Philanthropy in Atlanta: The Multiplier Effect
Home Depot's Bernie Marcus Philanthropy in Atlanta, like the GA Aquarium, has multiplier effect

Philanthropy in Atlanta: The Multiplier Effect

3 weeks ago 0 0 50

We are accustomed to seeing headlines about big philanthropic donations or seeing billionaire’s names on buildings, but do you ever stop to think about the massive multiplier effect these philanthropic donations have? On everything from job growth to real estate worth to quality of life?

In Atlanta, we have a multitude of big givers—from Home Depot’s Bernie Marcus and Arthur Blank to the Coca-Cola-affiliated Robert W. Woodruff Foundation to CNN’s Ted Turner.

Let’s take a deep dive into how philanthropic giving impacts Atlanta, focusing specifically on Bernie Marcus.

Growth of The Home Depot

The Home Depot got its start with two entrepreneurs and two Atlanta stores, one in Doraville and one in Decatur, in former Treasure Island locations. Marcus and Blank grew that humble beginning to 2,200+ stores, simultaneously profiting from the DIY craze and revolutionizing the industry.

The growth of Home Depot in Atlanta significantly impacted Atlanta. First, think about the real estate. Home Depot eventually built a huge headquarters, a call center and then another mini-headquarters.  Then, consider all the construction jobs required to build these facilities as well as the internal Home Depot jobs created.

Deep, Deep Pockets

The AJC states Bernie Marcus is currently worth $4.5 billion and has donated $2 billion to philanthropic causes. The article also shares that “after he dies, 80 to 90 percent of whatever is left of his wealth will go to his foundation,” with priorities including autism treatment research and veteran healthcare centers.

Here are a few of Marcus’ philanthropic efforts:

Spotlight on the Georgia Aquarium

Let’s look specifically at the Georgia Aquarium to consider this multiplier effect. The Georgia Aquarium was basically Marcus’ $250 million gift to Atlanta. And what kind of impact has it had?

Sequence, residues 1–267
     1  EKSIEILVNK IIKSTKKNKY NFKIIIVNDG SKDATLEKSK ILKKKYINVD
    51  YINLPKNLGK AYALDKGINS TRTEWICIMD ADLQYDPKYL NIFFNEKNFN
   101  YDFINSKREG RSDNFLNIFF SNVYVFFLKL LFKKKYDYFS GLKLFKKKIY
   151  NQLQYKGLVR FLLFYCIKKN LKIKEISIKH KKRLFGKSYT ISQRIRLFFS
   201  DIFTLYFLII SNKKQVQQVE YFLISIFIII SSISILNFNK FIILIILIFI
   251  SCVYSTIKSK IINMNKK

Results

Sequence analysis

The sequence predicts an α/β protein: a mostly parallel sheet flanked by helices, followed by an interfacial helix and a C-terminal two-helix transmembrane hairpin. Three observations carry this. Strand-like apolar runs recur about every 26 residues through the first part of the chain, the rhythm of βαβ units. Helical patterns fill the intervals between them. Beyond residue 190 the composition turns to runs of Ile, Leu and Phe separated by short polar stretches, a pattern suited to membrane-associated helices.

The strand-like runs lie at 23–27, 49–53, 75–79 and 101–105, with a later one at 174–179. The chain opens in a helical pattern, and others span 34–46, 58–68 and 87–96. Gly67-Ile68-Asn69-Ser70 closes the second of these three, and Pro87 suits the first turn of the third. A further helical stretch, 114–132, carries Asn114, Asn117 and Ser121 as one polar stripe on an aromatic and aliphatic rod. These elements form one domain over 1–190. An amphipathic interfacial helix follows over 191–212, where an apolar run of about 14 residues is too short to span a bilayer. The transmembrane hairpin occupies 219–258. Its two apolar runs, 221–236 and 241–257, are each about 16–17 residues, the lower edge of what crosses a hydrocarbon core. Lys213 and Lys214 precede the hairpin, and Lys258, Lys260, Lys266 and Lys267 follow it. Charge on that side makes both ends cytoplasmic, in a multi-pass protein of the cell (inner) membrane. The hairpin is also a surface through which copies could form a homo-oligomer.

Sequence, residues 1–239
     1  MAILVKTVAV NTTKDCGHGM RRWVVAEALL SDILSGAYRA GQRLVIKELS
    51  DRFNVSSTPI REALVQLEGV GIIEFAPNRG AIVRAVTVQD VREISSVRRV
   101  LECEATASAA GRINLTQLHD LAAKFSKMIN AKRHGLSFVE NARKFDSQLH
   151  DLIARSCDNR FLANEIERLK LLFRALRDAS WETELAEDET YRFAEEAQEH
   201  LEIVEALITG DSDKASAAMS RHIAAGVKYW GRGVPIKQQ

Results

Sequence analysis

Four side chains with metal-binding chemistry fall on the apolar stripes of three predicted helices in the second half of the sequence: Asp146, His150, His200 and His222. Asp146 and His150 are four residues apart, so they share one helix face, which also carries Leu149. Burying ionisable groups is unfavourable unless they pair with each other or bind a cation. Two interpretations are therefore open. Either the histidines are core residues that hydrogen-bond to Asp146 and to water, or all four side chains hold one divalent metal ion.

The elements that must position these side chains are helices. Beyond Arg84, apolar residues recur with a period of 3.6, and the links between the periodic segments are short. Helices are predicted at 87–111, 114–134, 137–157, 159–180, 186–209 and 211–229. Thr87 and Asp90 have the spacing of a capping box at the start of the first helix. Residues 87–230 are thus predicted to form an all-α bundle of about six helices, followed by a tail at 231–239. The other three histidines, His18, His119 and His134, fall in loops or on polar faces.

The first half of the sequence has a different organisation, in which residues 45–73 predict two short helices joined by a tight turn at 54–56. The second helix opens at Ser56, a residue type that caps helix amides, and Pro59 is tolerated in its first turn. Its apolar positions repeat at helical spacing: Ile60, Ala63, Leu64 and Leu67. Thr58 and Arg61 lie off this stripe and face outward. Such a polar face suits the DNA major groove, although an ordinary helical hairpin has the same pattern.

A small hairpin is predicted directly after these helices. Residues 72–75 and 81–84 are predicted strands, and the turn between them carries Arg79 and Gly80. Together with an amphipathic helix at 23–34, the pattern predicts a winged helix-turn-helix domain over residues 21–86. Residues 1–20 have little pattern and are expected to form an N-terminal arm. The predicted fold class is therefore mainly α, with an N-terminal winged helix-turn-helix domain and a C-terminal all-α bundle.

According to a 2016 Atlanta Business Chronicle article, “the downtown attraction has contributed $1.9 billion to the state’s economy since it opened in late 2005.”

Other impressive 2016 stats include:

  • 35 million visitors per year, with 60% from out-of-state
  • Visitors expected to spend $52.4 million in 2016
  • Created 11,000 construction jobs, from original construction to latest expansion
  • Supports 2,000 permanent jobs, with projected $30 million in direct payroll
  • Generates $8.1 million in local and state tax revenue each year
  • Serves as catalyst for new development in Centennial Olympic Park district

And that impact has only continued in the last four years.

It’s pretty mind-blowing to look deeply into how just ONE of Marcus’ philanthropic entities impacts Atlanta. Now think about the many doctors, nurses, patients, scientists, athletes, families and children that are impacted every day due to his numerous medical centers and the MJCCA.

This is exactly what I mean by the multiplier effect.

The Gift That Keeps on Giving

Philanthropy like this gives people jobs, increases real estate values and, most importantly, improves quality of life by building community.

The multiplier effect of Bernie Marcus’s and philanthropic efforts is enormous—Atlanta has been a lucky recipient for the past generation and will continue to benefit for many more.

 

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